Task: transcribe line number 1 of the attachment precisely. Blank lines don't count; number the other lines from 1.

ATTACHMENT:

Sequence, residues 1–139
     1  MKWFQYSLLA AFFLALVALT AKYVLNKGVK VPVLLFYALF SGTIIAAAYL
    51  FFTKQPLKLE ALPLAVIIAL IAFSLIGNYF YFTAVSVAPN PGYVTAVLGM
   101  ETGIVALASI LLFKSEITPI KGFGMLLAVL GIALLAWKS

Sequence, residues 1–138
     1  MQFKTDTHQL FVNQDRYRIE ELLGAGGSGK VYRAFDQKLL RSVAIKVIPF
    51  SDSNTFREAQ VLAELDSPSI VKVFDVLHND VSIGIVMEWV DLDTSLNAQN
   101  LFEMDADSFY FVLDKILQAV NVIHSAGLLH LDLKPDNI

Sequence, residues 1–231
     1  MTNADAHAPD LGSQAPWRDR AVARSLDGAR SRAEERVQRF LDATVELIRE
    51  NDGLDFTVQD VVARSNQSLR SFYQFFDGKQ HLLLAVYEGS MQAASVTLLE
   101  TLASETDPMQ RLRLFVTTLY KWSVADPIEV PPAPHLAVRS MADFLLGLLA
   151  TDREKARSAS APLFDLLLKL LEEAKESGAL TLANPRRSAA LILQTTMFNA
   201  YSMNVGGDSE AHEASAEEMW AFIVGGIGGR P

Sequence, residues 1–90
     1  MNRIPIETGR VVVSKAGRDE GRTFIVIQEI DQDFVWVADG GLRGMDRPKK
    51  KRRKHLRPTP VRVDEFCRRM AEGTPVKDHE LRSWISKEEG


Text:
Sequence, residues 1–139